If you were in an elevator with Ratan Tata, Richard Branson or Bill Gates what would you say about your company? That’s the essence of the “elevator pitch” imagine you have 90 seconds to introduce your company. The process of putting together an “elevator pitch” will help you think about what you’re doing in a clear and concise manner.
Of course in 90 seconds you don’t have much time to talk about the weather or how you like the color blue. The basics include a quick introduction of yourself, what problem you are trying to solve and the solution you have. Some examples of a problem: Micromax – people in Tier II/III have different cellphone needs; Google – people are not finding what they need on the internet and it will only get worse.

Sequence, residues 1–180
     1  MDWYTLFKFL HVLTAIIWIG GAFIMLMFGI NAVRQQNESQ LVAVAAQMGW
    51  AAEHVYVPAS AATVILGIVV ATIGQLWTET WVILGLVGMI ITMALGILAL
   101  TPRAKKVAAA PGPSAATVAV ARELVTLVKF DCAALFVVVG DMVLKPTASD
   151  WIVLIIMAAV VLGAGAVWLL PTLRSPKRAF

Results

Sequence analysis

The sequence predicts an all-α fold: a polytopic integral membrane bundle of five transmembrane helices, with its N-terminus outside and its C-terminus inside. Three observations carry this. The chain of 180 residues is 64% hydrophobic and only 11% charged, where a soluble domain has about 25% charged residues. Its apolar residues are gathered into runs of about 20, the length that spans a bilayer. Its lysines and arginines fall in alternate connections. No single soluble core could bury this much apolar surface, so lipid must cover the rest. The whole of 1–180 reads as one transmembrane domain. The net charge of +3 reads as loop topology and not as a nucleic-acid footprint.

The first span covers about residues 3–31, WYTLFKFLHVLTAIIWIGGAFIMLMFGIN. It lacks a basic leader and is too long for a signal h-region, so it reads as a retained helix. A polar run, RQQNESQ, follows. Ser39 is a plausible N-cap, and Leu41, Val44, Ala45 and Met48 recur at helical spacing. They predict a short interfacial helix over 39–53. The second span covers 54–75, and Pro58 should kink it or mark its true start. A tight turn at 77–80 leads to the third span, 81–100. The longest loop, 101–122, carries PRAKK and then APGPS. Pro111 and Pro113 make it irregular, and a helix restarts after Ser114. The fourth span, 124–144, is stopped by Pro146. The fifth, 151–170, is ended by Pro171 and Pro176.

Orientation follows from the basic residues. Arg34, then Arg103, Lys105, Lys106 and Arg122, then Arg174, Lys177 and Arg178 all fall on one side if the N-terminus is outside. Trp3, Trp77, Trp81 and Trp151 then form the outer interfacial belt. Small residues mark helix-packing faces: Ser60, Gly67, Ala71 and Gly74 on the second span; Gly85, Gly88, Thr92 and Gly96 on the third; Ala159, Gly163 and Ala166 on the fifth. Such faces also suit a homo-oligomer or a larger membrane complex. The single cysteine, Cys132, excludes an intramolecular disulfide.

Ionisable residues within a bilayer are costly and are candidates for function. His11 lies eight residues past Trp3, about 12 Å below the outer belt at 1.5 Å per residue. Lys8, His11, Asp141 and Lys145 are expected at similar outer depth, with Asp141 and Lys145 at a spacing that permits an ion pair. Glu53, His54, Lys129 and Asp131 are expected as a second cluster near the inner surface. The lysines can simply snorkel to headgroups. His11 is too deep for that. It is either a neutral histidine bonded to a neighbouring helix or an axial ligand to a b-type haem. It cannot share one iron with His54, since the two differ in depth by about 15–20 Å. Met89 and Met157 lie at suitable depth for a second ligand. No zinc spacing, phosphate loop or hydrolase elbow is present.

Once the problem is identified, the magic starts when you start talking about how you plan to conquer it. Taking the above examples: Micromax – we plan to make inexpensive phones with features such as a flashlight, FM radio and dual SIM slots; Google – we have a computer algorithm that scans the internet for content and ranks it based on keywords.
The pitch must get the person excited about the idea and ask for a meeting with you. If the person asks for more information then you can pat yourself on the back for a job well done. Of course, the elevator pitch concept can be extended to almost any situation where you have to ask for something. Need a new laptop, new car or the latest gadget from Apple? Have a quick pitch for why you need it, not why you want it.
However, if you’re stuck in an elevator with Tata, Branson and Gates because of a power cut, you better make sure you have more then 90 seconds worth of conversation. You don’t want to be stuck talking about your favorite color or the weather after you’ve finished your pitch.
The above article originally appeared on GQindia.com.
I liked you mention that the elevator pitch is not only enough, you should have stuff to go on if the pitch works